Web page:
Remember, you don’t have to give up everything that you want just because you’re trying to save money. Much like going on an extreme diet may eventually lead to a fried food and candy binge, trying to live by an overly restrictive budget may eventually lead to overspending and a shopping binge. So keep your numbers as realistic as possible.

  5. Now do the math. It’s quite straightforward: subtract your anticipated expenses from your net income.
  6. Do you have a positive number at the bottom of the page? Great! Add that leftover number to either the savings/investment or debt repayment categories.
  7. Got a negative number at the bottom of the page instead? Don’t freak out. Have you been too generous with yourself on the grocery budget, or in any of the discretionary categories? Is there something that you’ve been categorizing as a necessity that really isn’t? Tweak the numbers, as needed, to correct these issues. Dealing with a budget may mean doing some adjustments here and there until you come up with a system that you can work with for the long term.
  8. Review your budget and make sure it’s realistic. If you’re still seeing red, it may be the case that you’re finding it hard to live below your means. If you’re not earning enough to cover your necessities, then you’re going to need to get tough with yourself. Cut out anything that isn’t necessary to survival: cable or satellite television, Internet access, smoking (or other vices), eating out, etc. As you make these decisions, you should then terminate accounts, change service plans, and/or take other needed actions to effect the necessary changes. You may need to consider a career change to increase your salary or take an additional job for the extra income. You may also need to swallow your pride and seek help from family, friends or a local aid agency, especially if your situation places you or your family’s health and/or safety in jeopardy.
  9. Take your budget seriously. Once you’ve got a working budget, treat it like a living, breathing member of your family. Pay attention to it regularly to make sure that it still paints an accurate picture of your lifestyle. Tweak the numbers as necessary. For instance, you may want to budget more toward groceries during the holidays, but find that you can afford to trim entertainment expenses since you’ll be spending more time at home with family. Watch out for upward creeping numbers as well, as these can often indicate that an old habit, like swinging through the drive-thru for breakfast a couple of times per week, may be sneaking back in.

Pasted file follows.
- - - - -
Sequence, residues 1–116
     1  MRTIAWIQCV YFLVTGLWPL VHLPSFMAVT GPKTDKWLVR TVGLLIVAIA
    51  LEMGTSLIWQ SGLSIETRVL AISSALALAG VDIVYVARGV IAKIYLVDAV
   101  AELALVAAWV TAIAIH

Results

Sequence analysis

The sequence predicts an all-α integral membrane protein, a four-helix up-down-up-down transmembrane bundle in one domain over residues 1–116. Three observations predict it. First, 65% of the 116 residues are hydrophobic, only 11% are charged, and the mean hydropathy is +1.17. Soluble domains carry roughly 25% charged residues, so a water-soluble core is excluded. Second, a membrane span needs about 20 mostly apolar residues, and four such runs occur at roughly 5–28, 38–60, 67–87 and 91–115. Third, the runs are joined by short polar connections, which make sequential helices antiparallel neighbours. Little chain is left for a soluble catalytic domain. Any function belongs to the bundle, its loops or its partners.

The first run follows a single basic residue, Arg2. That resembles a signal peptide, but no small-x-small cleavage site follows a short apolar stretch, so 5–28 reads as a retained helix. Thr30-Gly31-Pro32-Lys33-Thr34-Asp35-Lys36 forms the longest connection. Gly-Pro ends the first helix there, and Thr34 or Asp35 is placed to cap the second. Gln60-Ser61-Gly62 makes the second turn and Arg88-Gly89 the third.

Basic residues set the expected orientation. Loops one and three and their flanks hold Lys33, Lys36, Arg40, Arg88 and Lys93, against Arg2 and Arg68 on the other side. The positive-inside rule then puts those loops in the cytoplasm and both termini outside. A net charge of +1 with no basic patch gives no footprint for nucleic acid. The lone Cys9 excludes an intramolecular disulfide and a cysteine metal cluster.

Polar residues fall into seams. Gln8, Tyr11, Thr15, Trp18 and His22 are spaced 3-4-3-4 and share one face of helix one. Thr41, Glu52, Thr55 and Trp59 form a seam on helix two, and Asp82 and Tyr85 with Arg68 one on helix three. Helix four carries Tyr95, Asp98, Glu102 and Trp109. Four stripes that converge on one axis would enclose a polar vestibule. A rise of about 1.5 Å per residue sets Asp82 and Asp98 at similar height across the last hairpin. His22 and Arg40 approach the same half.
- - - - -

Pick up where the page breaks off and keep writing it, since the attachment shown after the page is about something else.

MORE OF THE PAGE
Above all else, don’t beat yourself up if your spending isn’t budget-model perfect every month. Expenses happen, and the purpose of the budget is not only to keep you on track with your saving or debt elimination goals, but also to help you weather the unexpected.

Once you’ve got some money freed up, you may want to check out some high yield investment opportunities for those funds.

Copyright © 2009 The Digerati Life. All Rights Reserved.

{ 22 comments… read them below or add one }

Kristy @ Master Your Card February 4, 2009 at 12:16 am

These are great tips! The first time I sat down to write a budget, I was horrified when I added everything up. I was living so far beyond my means that I was skipping payments on bills and moving money from credit card to credit card to make payments. I was not in a good situation. It was tough, but I made the call to get rid of the excess and get serious about my savings. I did just about everything on this list – including getting a second job!

Tracking your expenses can be difficult, so what I found that worked for me was a little notebook where I recorded everything I spent, down to the last penny – be it with cash, check, or debit card. If you’re not used to writing it down, it can be hard to do at first, but the benefits of having a budget in place were enough to sway me on making it work.